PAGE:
Is it possible to streamline LTE IPR costs? Ãƒâ€šÃ‚Â
Earlier this week seven key infrastructure vendors announced that they had agreed to a framework for establishing predictable intellectual property rights licensing costs related to next-generation wireless technology LTE.
The companies participating in the deal are Alcatel-Lucent, Ericsson, NEC, NextWave Wireless, Nokia, Nokia Siemens Networks and Sony Ericsson and they all say that they have agreed that the maximum aggregate royalty level for LTE IPR in handsets will be a single-digit percentage of the sales price. In addition, they have agreed that when LTE modems are integrated into notebook computers, the IPR costs will have a royalty rate under $10.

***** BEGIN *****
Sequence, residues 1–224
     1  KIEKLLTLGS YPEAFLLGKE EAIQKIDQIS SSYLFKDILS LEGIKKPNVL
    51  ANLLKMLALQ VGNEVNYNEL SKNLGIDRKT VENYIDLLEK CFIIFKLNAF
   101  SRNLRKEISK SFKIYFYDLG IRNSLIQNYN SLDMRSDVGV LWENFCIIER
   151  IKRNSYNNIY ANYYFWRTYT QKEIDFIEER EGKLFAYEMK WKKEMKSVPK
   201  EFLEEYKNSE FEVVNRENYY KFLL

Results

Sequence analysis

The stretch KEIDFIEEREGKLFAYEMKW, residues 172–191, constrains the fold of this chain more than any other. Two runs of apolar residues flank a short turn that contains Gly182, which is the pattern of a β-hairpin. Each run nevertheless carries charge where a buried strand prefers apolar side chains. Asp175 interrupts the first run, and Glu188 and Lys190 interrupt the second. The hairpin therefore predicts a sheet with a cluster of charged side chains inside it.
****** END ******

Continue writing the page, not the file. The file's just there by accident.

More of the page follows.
I understand the impetus behind this. Similar to mobile WiMAX, LTE proponents envision the technology being integrated into all types of consumer electronics devices-digital cameras, portable gaming devices, refrigerators, etc.--and to make that vision a reality the LTE IPR costs have to be minimal or widespread deployment won't occur. Plus, any prolonged battles over IPR will likely result in delays to LTE deployment, giving mobile WiMAX a stronger position.
But can this group of seven vendors call the shots and streamline IPR costs with an agreement? What about all the other key players (namely Qualcomm) that aren't included in this list?Ãƒâ€šÃ‚Â
IPR is a complex area and I suspect that this agreement isn't going to mean much in the long-term. Qualcomm, Nortel, InterDigital and others aren't likely to sit back and let these companies dictate the licensing terms. While these seven companies score some "good faith" points with this agreement, I think it will take much more than this to drive the IPR costs down to the single-digital percentage level. -Sue